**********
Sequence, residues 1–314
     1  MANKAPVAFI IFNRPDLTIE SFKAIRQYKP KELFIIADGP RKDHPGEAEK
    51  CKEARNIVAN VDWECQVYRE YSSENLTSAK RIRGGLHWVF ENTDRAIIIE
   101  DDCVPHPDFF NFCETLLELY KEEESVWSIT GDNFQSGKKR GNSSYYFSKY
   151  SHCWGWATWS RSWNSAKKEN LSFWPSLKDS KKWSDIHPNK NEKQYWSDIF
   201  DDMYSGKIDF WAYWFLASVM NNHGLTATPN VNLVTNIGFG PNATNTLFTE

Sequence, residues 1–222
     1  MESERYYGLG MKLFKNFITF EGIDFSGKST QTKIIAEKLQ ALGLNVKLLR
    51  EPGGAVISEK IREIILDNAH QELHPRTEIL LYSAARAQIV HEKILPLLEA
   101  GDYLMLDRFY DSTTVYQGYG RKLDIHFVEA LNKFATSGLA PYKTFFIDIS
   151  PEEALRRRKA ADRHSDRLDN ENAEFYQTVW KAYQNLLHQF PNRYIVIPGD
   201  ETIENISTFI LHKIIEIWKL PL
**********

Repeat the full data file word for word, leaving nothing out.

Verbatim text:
Sequence, residues 1–314
     1  MANKAPVAFI IFNRPDLTIE SFKAIRQYKP KELFIIADGP RKDHPGEAEK
    51  CKEARNIVAN VDWECQVYRE YSSENLTSAK RIRGGLHWVF ENTDRAIIIE
   101  DDCVPHPDFF NFCETLLELY KEEESVWSIT GDNFQSGKKR GNSSYYFSKY
   151  SHCWGWATWS RSWNSAKKEN LSFWPSLKDS KKWSDIHPNK NEKQYWSDIF
   201  DDMYSGKIDF WAYWFLASVM NNHGLTATPN VNLVTNIGFG PNATNTLFTE

Sequence, residues 1–222
     1  MESERYYGLG MKLFKNFITF EGIDFSGKST QTKIIAEKLQ ALGLNVKLLR
    51  EPGGAVISEK IREIILDNAH QELHPRTEIL LYSAARAQIV HEKILPLLEA
   101  GDYLMLDRFY DSTTVYQGYG RKLDIHFVEA LNKFATSGLA PYKTFFIDIS
   151  PEEALRRRKA ADRHSDRLDN ENAEFYQTVW KAYQNLLHQF PNRYIVIPGD
   201  ETIENISTFI LHKIIEIWKL PL